Just as importantly, every gig is a chance to hone your craft, and playing those gigs you’re not particularly comfortable with is often the best way of doing that – it’ll all conspire to make you a better performer.
Attend music conferences
A lot of emerging artists are of the opinion that conferences – opportunities to network and chances to chinwag – are the domain of managers and bores rather than exciting new acts. But that’s a load of rubbish.
Although you might think your heroes wouldn’t have been caught dead at a conference like Brisbane’s BIGSOUND or Melbourne’s Face The Music, that’s because the musicians you love were getting famous in the seventies, when the economy was booming, rent was cheap as fucking chips, and the world was pretty much offered to them on a plate.
Sure, the conference passes can set you back a bit, but with the biggest names in the industry handing out valuable insight on all sorts of panels and the rest of the Australian music scene shaking hands over beers, those passes can be worth every cent if you make the most of them.
You’re not a boomer – you’re a musician working away in a world devastated by boomers. Act accordingly.
Conferences like BIGSOUND offer an invaluable insight into how the industry works
Don’t just ask for support – be supportive
It’s all too easy to become overly focused on your own career and your own career alone – becoming one of those terrible stick in the muds who only goes to see gigs that they are playing at. But you can’t play the game that way. Become the kind of person who only looks out for number one and you’ll quickly find that no-one is looking out for you.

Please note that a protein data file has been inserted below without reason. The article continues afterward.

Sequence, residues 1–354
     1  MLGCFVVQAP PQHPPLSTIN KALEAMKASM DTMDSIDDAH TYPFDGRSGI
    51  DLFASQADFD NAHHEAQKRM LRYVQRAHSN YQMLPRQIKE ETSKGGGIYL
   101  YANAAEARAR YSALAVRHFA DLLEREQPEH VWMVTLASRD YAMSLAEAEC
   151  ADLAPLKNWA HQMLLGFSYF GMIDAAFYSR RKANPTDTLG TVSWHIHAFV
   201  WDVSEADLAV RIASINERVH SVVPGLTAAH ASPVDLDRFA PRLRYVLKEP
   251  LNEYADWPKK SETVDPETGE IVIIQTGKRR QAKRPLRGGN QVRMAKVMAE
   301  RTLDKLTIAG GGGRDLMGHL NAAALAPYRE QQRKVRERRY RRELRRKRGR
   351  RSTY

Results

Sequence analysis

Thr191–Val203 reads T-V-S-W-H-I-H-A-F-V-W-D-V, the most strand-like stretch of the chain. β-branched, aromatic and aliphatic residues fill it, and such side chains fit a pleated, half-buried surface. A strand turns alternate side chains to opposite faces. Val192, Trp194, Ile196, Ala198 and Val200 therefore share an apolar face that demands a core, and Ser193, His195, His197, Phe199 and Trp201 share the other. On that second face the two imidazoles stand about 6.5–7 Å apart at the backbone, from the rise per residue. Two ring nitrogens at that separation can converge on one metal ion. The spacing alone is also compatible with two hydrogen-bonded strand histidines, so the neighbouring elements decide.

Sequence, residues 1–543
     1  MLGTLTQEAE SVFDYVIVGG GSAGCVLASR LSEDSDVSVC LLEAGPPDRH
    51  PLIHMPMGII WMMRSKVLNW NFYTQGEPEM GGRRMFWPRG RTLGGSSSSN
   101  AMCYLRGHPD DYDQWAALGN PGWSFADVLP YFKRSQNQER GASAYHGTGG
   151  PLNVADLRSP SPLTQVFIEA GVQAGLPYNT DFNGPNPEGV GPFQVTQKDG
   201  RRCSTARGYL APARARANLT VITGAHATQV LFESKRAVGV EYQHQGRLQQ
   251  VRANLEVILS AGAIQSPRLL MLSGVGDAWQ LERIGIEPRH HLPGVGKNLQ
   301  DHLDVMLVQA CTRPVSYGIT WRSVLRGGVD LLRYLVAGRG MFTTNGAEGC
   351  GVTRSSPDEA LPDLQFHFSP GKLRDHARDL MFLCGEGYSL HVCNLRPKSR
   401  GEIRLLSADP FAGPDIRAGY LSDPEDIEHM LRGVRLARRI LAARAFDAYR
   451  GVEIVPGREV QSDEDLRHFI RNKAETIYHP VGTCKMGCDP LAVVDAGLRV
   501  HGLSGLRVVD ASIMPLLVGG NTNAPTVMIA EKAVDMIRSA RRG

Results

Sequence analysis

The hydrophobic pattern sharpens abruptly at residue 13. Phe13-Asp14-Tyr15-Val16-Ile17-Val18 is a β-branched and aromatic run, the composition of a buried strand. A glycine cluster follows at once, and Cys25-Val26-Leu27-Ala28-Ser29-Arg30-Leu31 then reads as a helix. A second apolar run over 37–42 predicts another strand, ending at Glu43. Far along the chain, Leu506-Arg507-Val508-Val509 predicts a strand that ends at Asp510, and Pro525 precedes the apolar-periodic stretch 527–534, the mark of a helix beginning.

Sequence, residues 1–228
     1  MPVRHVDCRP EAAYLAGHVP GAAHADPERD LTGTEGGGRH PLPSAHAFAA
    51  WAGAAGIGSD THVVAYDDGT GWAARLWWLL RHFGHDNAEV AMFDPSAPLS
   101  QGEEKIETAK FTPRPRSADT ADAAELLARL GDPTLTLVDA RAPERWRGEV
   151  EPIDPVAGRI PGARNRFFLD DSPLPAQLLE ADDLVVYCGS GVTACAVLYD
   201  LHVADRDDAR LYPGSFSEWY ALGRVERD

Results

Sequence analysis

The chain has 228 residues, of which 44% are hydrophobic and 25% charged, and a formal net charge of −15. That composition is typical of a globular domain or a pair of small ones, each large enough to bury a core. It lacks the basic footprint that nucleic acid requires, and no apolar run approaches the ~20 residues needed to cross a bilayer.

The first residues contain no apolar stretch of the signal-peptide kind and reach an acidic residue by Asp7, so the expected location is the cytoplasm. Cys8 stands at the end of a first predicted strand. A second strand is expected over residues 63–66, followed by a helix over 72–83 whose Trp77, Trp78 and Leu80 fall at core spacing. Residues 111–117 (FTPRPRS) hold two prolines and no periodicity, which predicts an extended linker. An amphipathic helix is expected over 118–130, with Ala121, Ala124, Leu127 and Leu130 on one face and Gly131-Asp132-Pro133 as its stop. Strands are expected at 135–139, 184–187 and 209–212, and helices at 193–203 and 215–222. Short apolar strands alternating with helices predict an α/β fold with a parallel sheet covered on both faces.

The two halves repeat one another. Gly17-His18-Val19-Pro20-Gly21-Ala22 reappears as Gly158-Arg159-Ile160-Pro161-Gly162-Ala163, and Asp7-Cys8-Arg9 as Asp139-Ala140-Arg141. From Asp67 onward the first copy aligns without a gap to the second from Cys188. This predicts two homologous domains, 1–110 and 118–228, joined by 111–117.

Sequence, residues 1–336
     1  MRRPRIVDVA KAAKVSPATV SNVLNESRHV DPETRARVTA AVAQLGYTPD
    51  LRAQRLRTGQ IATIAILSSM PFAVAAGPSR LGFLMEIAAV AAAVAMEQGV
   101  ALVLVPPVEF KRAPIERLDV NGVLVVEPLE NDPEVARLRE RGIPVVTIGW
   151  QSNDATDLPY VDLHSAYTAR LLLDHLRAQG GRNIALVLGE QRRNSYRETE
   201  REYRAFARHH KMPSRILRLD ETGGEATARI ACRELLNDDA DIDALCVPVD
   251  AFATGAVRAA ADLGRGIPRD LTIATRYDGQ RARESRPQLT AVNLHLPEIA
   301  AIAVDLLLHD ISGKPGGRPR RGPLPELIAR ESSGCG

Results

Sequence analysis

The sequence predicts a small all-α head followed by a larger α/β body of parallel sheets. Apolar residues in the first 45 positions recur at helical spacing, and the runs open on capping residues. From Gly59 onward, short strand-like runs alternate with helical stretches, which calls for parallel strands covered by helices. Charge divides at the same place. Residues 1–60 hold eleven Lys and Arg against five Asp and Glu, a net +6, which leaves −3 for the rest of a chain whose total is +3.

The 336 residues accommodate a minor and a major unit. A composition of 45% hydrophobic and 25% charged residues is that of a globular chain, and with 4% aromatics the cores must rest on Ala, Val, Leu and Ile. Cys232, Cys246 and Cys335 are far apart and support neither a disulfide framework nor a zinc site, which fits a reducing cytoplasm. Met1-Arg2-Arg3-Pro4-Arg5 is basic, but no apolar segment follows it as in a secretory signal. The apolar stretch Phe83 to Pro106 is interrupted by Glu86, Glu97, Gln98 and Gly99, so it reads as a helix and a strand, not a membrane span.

And anyway, when did the music industry become a race? It’s not about shoving the competition out of the way so you can get yourself to the top spot. Music’s a business, but it’s an art too, and should always be considered such – especially by emerging musicians. So, listen to your mates’ tunes, buy their merch, catch every gig of theirs you can, and never, ever rest upon your laurels.
Always be writing!
It’s the hoariest old cliché in the book of hoary old clichés, but practice really does make perfect. Don’t just settle with meeting up with your band once a week and trying to bash out a few songs – try and fit in some creative time every single day, whether it be 20 minutes or two hours. It’ll suck, and it’ll feel like you’re banging up against a brick wall, but the more you keep at it, the easier you will find writing becomes.
Even those stricken with writer’s block need not worry – if you’re struggling to write something of your own, just toy around with a few classics. Learn songs to cover; pore over the work of the masters; and generally keep yourself creatively busy. It is the only way that you’ll ever improve – and, more than that, it is the only way you’ll ever get enough material to launch a career upon.
Keep making music, because ultimately, that’s what it’s all about.Write a Letter to the Editor